Biosand Filtration for Safe Drinking Water
Scholars Hall, Rm 101
Aqua Clara biosand filtration can provide biologically safe drinking water for citizens at low cost. A family-size water purifier can be made from locally available materials for under $15, requires no electricity or moving parts, and is capable of providing 40 liters of drinking water per day for 8-10 years. Ted Loudon, PhD, PE, and Professor Emeritus from MSU, has worked with on-site wastewater treatment for thirty years. Bob McDonald, PhD, retired as a Dow Chemical executive and started tackling the need to produce inexpensive clean water globally as President of AquaClara International.
Life in Fish-Bowl Earth: Energy and Governance
Scholars Hall, Rm 202Energy is a key ingredient in all our societal systems. Ric Evans, owner of Paradigm Energy Services, helps participants gain a better understanding of their personal relationship to energy from the ‘macro’ to the ‘micro’. With ‘true cost’ accounting, he argues for a shift away from ‘ancient sunlight’ (petrol/carbon based fuels) and a return to ‘current solar income’ sources. Learn about practical do-it-yourself efficiency projects and current incentives.
Affecting Local Governments
Scholars Hall, Rm 109Government is ‘us’ and it can be expected to serve the needs of the people. Participants will gain a practical understanding of how to participate and affect decision-making at the local governmental level. Gordon L. Hayward, a retired land use planner of 35 years, will present two case studies of public participation making a decisive impact on local policy.
Climate Change 2010
Scholars Hall, Rm 22Presenting the latest information on climate change including impacts on the Great Lakes region, Peter Sinclair, an award winning graphic artist, illustrator, and animator running Greenman Studio in Midland, MI, will host an engaging ‘must see’ session. By clarifying and dispelling the misinformation about global climate change, Sinclair empowers participants to urge their representatives to take action on renewable energy and sustainable development.
A Handmade Life: Woodworking for HomesteadersSee Friday Afternoon Workshops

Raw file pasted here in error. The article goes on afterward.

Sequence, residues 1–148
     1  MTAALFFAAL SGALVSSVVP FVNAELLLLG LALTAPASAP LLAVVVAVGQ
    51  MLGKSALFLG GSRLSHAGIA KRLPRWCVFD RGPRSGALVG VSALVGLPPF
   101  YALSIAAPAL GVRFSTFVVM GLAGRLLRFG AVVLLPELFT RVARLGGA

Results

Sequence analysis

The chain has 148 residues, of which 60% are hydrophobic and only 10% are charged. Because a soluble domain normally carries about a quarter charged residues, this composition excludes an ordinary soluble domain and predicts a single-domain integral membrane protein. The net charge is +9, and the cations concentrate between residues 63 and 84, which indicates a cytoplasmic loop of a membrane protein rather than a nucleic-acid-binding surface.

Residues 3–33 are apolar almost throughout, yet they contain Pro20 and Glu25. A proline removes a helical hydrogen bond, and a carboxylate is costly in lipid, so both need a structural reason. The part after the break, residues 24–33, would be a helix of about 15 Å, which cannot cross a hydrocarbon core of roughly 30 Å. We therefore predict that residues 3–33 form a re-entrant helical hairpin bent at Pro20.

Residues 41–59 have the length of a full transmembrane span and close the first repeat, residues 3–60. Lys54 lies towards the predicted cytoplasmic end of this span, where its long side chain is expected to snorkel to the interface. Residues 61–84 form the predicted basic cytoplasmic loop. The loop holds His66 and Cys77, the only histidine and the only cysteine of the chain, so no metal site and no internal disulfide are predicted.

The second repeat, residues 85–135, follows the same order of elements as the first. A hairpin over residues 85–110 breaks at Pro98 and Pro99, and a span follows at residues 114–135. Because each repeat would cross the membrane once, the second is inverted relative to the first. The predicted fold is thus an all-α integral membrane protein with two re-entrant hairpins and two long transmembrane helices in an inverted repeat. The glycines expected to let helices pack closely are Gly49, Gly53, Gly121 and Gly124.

Turning Youth into Bioneers
Scholars Hall, Rm 217SEEDS staff will share their experiences launching a very Bioneer-ish after school program and changing the lives of students – and their families – in 5 counties. Participants will leave compelled to get involved, become youth mentors and help us come up with new programming and collaboration ideas. This workshop will be facilitated by Bill Watson, Director of Youth Development for SEEDS, who has worked with youth for over a decade, spearheading creative partnerships that transform youth and their communities together.
Creating a Culture of Self Repair
Scholars Hall, Rm 205We are admonished to ‘consult your doctor’ for virtually every symptom one can imagine, as if it were not possible to get well without first seeing a physician. This workshop will focus on stepping out of this victim culture and stepping up to our responsibility to govern our own health. Flora Biancalana, MD, Board Certified in Holistic Medicine, and Anne Hughes, MSN Family Nurse Practitioner and Nurse Master Herbalist, will explore the concept of self-healing and the way that body chemistry is altered by perceptions and emotions.
Saturday Afternoon, October 16, 2010 2 -3:30 pm
Build a Biosand Filtration System for Drinking Water
Scholars Hall, Rm 102A hands-on companion to their morning workshop, join Ted Loudon and Bob McDonald as they guide you in the construction of an Aqua Clara biosand filtration system. This system can provide biologically safe drinking water for a family for under $15 without electricity or moving parts.
A Question Leads to a Story
Scholars Hall, Rm 205Nadia and Sonja Daniels Moehle, young sisters who started the Books for Walls Project, will facilitate a family-friendly interactive workshop about reading and sharing ideas through storytelling. A culture of effective listeners and communicators is key in a healthy civilization – and sharing stories is a great way for people of all ages to practice being both.
Sunday Morning, October 17, 2010 10:15 am-11:45 am
Ecological Governance: What and How
Milliken AuditoriumSustainability requires governance that is based on ecological laws, principles, and mandates and may bring a community together in a new way. Look beyond current cultural, political, and economic divisions. Explore the implications of ecologically informed politics, law and policy with keynote speaker, David Haenke, a leader in bioregionaI movements for over 40 years and a sustainable forester in the Ozarks.
The Economics of Happiness: Ladakh, Tibet
Scholars Hall, Rm 205Deb Van Poolen, a program coordinator for the International Society for Ecology and Culture, will share her experiences in Ladakh (an autonomous area of Tibet under Indian jurisdiction). This workshop will look at contrasts between bioregional and industrial traditions.
Reclaiming Public Rights of Way
Scholars Hall, Rm 101We have chosen to ‘write-off’ much of our public space, devoting it to the automobile. Reclaiming our streets for people while keeping the auto can inspire us to get involved in local planning. Join Gary Howe, photojournalist, world explorer, and creator of the blog MyWheelsAreTurning.com. He will lead a series of group projects to re-imagine streets and strategize implementation.